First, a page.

We’ve come to the end of my round of the Outreach Program for Women, which sponsored my work with the MirageOS folks this summer. I was fortunate to be able to mark the occasion by joining my mentors and an awful lot of badass Xen hackers at the Xen Project Developers Summit earlier this week, where I waved my extremely conspicuous American accent around in everyone’s face and saw some awesome presentations on Xen internals and research. (Xen on ARM is relatively performant! It’s hard to run 10,000 host VMs! The HaLVM has already implemented a whole bunch of stuff I was thinking about doing!)
I tried to have a short summary of my work ready for this conference. I generally told people something like “I did a bunch of testing on the Mirage network stack,” which while true, is not the most self-aggrandizing way to sum up what I’ve been up to this summer. “I leveraged existing solutions to provide a systematic process for randomized exploration of the potentially underspecified parser inputs,” I could’ve said (which wouldn’t have gotten me very far at this conference, but would fit in great at some others I’ve been to). Or maybe something like “I found a bunch of bugs in variable-length option parsing code with fuzz testing,” which is extremely accurate but also makes people’s eyes glaze over about halfway through.
Of course, you can just check my permanent record. That record does elide this blog, however, which is not an insignificant product of work:
1 2 3 4 5 6 7 8 9 10 11
I wrote a lot more English words about generating random input, classifying responses, sourcediving, and bugfixing than I wrote lines of Python or OCaml.
- Throwing Some Fuzzy Dice – what fuzzing is, why to do it, building a repeating DHCP client, fuzzing HTTP
- The Minnesota Goodbye – finding a TCP state machine bug, submitting a fix
- Parsers Optional – an quick explanation of TCP options
- How to Set the Evil Bit – generating, understanding, and using a TCP options-parsing bug to crash Mirage unikernels; an explanation of the underlying bounds checking problem that makes this bug potentially lead to data leakage
- Doing Nothing in Mirage – a side note on configuring Mirage unikernels and the pleasure of looking at trees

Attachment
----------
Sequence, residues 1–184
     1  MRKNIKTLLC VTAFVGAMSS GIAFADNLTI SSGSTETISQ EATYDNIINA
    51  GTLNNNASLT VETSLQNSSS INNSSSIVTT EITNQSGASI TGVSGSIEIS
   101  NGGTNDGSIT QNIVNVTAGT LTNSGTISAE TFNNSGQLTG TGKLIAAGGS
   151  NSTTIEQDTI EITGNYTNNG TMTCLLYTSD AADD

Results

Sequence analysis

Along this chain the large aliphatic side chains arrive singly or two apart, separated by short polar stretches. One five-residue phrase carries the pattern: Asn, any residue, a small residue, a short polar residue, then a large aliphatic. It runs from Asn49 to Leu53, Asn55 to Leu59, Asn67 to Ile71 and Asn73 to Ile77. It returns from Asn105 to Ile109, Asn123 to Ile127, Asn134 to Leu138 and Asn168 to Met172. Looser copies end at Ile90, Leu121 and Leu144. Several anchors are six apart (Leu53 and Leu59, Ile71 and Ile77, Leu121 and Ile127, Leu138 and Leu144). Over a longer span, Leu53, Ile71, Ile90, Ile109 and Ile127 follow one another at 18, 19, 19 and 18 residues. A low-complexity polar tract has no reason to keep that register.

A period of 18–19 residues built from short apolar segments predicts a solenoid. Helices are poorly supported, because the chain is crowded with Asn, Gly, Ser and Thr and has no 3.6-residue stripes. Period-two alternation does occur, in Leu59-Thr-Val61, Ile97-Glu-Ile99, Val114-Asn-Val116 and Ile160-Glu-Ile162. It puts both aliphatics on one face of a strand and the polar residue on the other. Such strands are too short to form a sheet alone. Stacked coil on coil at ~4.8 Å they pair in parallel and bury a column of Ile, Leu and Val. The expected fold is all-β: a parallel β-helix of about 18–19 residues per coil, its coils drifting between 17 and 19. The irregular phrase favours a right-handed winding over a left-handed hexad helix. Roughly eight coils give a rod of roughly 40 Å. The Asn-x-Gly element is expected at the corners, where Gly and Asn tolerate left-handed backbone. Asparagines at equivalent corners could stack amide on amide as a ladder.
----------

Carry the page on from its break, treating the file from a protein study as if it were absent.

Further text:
- Why I Unikernel, Part 1 – some thoughts on why I <3 this project
- Why I Unikernel, Part 2 – some more thoughts on why everyone else should too
- I Am Unikernel (And So Can You) – mining some earlier posts from Hacker School on how to get started running Mirage unikernels in EC2.
Okay, What Now?
Well, I didn’t really make anything cool and new. I want to do that. I want to be able to make VPN tunnels from a unikernel running on an embedded ARM machine to a unikernel running somewhere in the public cloud and shove all of my traffic over them. I want to make a webapp that serves you the worst possible next Tetris piece given a certain game state. I want to replace my Linux Git backup host with a unikernel that squirrels everything away into an Irmin store. I want to figure out a patch for the bug @frioux reported earlier this week, at the very least!
In short, OPW round 8 is over, but I’m not done playing here yet.
Looks Like Fun; Can I Try?
OPW Round 9 has an application deadline of October 22, so there’s still loads of time to get in on that. For excellent advice on applying to and participating in OPW, check out Lita Cho’s excellent roundup, and if you still want more, there are a whole pile of excellent blogs aggregated at the Women in Free Software Planeteria. Many other interns are also posting retrospectives this week, so it’s an excellent time to go learn from other people’s mistakes.
In that spirit, here are some mistakes I made:
- not bothering my mentors enough
- not contacting the other OPW intern on my project
- not asking enough questions on the mailing list and IRC
- choosing a project that required a lot of domain knowledge that I already had, so I wasn’t forced to learn so much as if I’d chosen something else
- beginning to address some ongoing mental health issues at the end of the round; I likely would’ve found many things to be easier had I done so earlier
A short note: someone very bravely began a conversation about mental health in the Hacker School community earlier this year. This conversation led me to two blog posts that have been extremely helpful, and perhaps you will find them to be helpful too: